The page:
The University of Saskatchewan has opened a new campus in Regina for students in the College of Nursing, giving them the option to study where they live.
“We are very excited the U of S will have a modern teaching facility in Regina,” said Lorna Butler, dean of the College of Nursing. “We are thrilled to welcome our first class of nursing students to our Regina campus this September.”
The new Regina campus builds on the university’s long-standing tradition of delivering educational programming to communities throughout Saskatchewan, explained Brett Fairbairn, provost and vice-president academic at the U of S.
“We are the University of Saskatchewan and we know how important it is to offer students the opportunity to learn in communities throughout our province. It is particularly important for Aboriginal students. For many years we have worked with regional colleges and other post-secondary educational institutions to enable this,” Fairbairn said, adding that U of S students can complete their entire Bachelor of Science in Nursing (BSN) degree without leaving their home communities in La Ronge, Ile-a-la-Crosse, Prince Albert, Saskatoon and now Regina.
Learning where you live, or distributed learning, he continued, is particularly important in fields of health care in which professionals are trained to meet the needs of urban, rural and remote communities. It’s an approach that has been very successful in the training and education of students in the U of S College of Medicine, which has space for teaching in both the Regina General Hospital and the Regina Centre Crossing.
Many partners throughout the province, Saskatchewan Academic Health Sciences Network, Regional Health authorities and the Government of Saskatchewan, particularly the Ministry of Advanced Education and the Ministry of Health, have supported this project, and in the process have strengthened the universities’ capacity to deliver distributed learning programming.
The distributed learning approach means “students are exposed to issues at the community level and they are involved in research that benefits the community,” Fairbairn said. The distributed learning approach also aligns with the areas of focus outlined in Promise and Potential, our third integrated plan.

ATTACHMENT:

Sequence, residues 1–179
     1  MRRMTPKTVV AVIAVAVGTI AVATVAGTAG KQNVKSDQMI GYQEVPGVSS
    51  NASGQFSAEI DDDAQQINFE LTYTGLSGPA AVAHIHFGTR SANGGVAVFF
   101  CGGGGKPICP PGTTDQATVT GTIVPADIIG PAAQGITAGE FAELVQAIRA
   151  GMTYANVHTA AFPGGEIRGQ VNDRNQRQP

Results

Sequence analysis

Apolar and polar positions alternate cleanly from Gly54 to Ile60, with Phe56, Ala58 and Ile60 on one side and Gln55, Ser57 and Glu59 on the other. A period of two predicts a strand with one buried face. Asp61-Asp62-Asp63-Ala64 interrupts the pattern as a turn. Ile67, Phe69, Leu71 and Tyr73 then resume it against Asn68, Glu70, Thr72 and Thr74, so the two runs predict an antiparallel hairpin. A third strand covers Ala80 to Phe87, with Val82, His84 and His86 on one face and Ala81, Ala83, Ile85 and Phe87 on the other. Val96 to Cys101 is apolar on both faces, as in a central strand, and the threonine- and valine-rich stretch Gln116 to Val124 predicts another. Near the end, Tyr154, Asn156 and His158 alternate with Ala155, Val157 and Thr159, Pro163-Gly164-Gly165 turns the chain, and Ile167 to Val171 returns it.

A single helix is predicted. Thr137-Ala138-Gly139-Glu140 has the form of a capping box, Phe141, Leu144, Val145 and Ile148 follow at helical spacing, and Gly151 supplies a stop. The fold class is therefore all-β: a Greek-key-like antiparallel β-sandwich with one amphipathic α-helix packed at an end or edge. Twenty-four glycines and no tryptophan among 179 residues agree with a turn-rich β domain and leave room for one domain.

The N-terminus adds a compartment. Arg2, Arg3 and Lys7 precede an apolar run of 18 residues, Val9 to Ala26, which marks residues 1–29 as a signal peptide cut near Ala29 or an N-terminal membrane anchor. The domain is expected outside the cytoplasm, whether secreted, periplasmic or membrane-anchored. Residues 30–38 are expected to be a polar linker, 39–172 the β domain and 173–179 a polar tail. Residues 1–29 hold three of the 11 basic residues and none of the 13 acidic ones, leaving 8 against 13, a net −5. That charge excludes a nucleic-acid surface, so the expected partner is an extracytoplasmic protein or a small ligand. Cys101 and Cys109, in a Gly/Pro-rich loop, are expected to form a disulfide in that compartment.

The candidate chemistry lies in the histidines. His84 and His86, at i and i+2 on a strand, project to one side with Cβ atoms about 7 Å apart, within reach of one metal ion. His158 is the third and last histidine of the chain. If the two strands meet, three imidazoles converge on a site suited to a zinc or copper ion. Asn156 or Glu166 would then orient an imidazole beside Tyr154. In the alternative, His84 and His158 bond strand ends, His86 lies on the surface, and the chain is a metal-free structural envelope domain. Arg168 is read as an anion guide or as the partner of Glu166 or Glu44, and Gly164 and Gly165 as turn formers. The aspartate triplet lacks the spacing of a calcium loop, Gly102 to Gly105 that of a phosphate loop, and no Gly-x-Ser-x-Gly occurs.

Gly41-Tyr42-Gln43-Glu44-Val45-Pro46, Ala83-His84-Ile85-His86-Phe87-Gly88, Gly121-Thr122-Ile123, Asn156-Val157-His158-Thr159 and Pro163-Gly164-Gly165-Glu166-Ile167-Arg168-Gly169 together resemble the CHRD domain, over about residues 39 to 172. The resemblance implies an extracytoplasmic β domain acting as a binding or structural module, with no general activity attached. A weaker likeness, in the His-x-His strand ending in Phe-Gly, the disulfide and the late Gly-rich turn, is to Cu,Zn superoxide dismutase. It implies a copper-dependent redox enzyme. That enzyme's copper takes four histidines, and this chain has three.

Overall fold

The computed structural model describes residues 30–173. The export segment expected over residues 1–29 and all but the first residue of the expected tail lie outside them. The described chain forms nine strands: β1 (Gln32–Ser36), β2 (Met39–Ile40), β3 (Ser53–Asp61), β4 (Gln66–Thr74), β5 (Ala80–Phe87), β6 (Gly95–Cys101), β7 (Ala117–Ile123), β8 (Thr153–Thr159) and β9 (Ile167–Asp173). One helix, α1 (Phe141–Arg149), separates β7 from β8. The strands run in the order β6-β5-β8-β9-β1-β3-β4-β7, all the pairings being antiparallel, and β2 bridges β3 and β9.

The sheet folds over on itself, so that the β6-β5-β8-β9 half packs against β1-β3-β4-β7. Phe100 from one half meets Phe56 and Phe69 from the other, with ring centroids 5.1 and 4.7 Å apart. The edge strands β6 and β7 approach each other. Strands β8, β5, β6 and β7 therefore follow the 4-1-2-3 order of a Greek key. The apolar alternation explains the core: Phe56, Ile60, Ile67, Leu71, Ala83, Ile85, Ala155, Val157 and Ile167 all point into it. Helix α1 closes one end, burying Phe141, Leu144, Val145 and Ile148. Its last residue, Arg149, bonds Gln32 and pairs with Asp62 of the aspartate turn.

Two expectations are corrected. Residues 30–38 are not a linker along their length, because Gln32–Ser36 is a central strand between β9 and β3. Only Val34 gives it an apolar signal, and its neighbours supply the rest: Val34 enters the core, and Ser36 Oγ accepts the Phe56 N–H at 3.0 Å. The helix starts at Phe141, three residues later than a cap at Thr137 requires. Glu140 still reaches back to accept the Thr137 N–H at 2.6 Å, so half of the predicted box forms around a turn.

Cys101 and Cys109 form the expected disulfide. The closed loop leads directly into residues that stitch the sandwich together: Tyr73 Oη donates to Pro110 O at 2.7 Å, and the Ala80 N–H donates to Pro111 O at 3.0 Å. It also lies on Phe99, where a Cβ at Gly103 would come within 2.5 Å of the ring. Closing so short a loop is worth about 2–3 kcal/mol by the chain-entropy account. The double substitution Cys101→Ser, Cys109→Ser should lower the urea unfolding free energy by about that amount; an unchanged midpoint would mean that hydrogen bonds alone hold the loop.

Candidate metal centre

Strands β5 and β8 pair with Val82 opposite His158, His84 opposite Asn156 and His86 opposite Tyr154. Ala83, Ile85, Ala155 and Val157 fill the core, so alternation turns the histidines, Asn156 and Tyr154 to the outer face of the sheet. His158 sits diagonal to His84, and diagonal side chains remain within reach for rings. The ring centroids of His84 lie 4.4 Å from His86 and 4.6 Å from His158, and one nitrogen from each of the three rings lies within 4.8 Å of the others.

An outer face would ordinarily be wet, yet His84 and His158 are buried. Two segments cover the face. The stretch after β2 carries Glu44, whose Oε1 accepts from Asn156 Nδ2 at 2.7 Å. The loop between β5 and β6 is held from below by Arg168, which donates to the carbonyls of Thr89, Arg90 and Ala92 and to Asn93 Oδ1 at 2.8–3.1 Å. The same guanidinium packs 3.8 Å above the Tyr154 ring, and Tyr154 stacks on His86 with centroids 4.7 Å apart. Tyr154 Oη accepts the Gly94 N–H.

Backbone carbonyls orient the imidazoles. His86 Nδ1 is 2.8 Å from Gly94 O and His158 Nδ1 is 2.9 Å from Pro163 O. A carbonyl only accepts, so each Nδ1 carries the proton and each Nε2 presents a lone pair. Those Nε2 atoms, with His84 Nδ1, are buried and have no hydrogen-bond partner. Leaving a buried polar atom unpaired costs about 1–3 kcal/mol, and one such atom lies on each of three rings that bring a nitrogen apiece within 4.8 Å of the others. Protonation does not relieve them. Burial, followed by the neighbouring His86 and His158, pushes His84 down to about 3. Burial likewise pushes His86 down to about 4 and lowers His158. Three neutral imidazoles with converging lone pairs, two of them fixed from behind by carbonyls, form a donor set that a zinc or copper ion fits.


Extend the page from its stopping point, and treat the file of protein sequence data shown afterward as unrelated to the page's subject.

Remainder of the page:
“To offer this training we need to continue to develop programming in communities throughout our province. By doing this, we not only build on a community approach to education, but also address the growing need for health-care professionals.”
The new Regina nursing campus, located at 4400 4th Avenue, on the corner of 4th and Lewvan Drive, is part of a larger property and is currently undergoing renovations. The campus will feature a lecture theatre, two classrooms, a number of break out rooms, a variety of offices for staff, faculty, research and the Native Access Program to Nursing, a boardroom, a nursing skills practice lab that also provides for simulation practice related to student’s clinical experience in complex care settings, a student learning commons and a graduate student mezzanine. The facility will also be equipped with state-of-the-art technology to assist the College of Nursing with the distributed learning model.
The U of S College of Nursing now has the capacity to admit 345 undergraduate students throughout the province each year. The U of S BSN degree is a four year program, consisting of a pre-professional first year, followed by three years of nursing education. The first graduating class from the nursing program at the Regina campus is expected in 2015.